Jordanian Activists Protest against Sanctions ahead of Annan’s Visit
Ahead of United Nations secretary general Kofi Annan’s visit to Jordan, activists gathered on Tuesday outside the United Nations headquarters and handed a UN representative a letter, expressing their concern over the Iraqi peoples' suffering and demanding the lift of sanctions imposed on the country since 1990.
The activists held banners, describing the UN embargo as “unfair and harmful.”
“Let the Iraqi people live…Lift the killer sanctions,” read one of the banners.
The letter, handed by secretary general of the ‘Mustaqbal’ party, Abdessalam Freihat, said that the sanctions have resulted in damage to social, economic and environmental infrastructure.
“All justifications made to impose sanctions on Iraq contradict with the noble objectives of the United Nations.”
In their letter, the activists also asked Annan to work to stop immediately the “US and British air strikes that only hit civil installations and civilians.”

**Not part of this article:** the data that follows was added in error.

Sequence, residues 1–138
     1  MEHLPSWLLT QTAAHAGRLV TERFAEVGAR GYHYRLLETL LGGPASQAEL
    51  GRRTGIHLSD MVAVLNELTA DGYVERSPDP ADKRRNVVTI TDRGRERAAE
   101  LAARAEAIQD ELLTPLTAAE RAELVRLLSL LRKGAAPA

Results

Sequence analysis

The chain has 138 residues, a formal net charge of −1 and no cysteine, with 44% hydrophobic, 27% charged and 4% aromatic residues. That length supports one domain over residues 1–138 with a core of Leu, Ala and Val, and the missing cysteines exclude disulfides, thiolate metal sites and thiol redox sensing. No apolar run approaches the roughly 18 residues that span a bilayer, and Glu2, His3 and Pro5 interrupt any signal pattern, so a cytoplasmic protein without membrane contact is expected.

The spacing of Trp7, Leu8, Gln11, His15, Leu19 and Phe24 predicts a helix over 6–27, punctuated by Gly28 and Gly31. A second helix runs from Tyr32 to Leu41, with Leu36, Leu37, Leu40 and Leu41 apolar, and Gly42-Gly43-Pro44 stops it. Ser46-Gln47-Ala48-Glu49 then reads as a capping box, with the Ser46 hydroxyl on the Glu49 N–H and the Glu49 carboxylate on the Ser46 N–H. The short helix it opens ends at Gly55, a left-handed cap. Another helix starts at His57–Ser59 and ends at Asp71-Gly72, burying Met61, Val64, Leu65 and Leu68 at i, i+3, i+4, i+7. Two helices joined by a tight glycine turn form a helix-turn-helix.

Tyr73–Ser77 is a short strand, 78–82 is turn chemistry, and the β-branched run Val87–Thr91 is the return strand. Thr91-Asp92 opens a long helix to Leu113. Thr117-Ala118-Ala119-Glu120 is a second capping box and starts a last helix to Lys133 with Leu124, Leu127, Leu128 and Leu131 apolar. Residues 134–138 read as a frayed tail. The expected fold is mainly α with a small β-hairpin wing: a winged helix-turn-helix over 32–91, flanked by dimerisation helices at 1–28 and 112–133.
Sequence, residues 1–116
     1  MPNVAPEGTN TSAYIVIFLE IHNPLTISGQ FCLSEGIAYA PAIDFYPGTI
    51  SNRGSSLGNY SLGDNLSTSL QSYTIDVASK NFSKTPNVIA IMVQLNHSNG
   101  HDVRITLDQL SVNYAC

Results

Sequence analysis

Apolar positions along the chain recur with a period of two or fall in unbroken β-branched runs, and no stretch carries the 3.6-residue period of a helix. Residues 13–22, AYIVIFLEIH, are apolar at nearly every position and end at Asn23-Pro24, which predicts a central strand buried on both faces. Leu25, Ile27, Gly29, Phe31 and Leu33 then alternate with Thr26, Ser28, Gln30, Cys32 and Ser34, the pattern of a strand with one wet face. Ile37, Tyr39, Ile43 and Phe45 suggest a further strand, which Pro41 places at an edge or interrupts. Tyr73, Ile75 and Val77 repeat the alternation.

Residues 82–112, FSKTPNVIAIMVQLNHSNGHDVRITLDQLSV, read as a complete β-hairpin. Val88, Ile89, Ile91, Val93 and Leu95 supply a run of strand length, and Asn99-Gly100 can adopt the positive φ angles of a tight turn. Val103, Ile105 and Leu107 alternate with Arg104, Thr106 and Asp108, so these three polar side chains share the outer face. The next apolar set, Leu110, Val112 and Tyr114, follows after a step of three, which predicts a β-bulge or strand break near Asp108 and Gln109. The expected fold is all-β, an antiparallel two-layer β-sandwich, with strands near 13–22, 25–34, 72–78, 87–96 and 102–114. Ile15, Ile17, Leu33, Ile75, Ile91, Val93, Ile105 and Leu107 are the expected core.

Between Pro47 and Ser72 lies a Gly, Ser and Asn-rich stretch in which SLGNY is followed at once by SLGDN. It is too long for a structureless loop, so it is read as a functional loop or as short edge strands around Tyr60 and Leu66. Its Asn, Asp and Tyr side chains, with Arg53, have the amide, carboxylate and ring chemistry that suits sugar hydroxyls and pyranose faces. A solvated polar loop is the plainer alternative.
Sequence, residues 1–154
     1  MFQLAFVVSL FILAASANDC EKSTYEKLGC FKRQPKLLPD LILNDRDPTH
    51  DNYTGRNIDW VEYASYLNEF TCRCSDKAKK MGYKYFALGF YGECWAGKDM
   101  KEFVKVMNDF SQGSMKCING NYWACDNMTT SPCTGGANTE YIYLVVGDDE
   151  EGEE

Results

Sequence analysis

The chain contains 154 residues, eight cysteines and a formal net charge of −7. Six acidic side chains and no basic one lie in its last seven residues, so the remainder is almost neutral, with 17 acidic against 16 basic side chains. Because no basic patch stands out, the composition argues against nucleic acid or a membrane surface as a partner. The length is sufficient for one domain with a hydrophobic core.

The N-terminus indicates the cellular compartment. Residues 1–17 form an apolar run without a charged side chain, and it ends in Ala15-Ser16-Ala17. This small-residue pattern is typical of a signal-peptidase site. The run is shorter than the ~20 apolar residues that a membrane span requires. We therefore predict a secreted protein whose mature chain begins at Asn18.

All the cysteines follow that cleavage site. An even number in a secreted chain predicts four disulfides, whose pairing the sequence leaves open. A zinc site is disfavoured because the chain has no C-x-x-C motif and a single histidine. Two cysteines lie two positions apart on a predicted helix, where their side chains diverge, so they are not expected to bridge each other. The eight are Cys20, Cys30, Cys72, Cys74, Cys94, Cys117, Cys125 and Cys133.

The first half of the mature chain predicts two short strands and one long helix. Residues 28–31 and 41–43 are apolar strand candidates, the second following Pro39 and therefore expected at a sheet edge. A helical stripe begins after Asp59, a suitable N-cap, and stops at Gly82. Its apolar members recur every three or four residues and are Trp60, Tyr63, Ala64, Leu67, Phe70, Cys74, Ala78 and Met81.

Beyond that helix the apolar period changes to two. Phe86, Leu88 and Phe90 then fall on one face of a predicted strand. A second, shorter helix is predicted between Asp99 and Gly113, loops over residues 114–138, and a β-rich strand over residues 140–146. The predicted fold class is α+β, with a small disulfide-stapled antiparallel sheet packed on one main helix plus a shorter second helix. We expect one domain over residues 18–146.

“All Jordanian parties, unions and institutions ask you to assume your legal responsibility to bring an end to this human catastrophe,” read the letter.
Around 25 activists, representing the National Committee for the Defense of Iraq, Jordan Baath Arab Party, the Socialist Party, Iraqi Universities Alumni Club and Jordanian Tribes Association.
“All Jordanians stand by the Iraqis and we will support them in every way we can,” member of the National Committee for the Defense of Iraq, Hakam Rousan told Albawaba.com, adding that all Arabs should back the Iraqis.
“What is happening is a catastrophe, and we are not going to sit and watch. We will do the best we can,” he said – Albawaba.com
© 2000 Al Bawaba (www.albawaba.com)
- US Activists to Experience Iraq Sanctions at First hand
- Iraq warns Turkey against '\'smart'\' sanctions
- Is the game up for Assad? Russia and China move to condemn the regime
- Report: Jordanian authorities to deport Iraqi nationals ahead of U.S. strike
- Jordan Prepares to Send First Arab Flight into Sanctions-Crippled Baghdad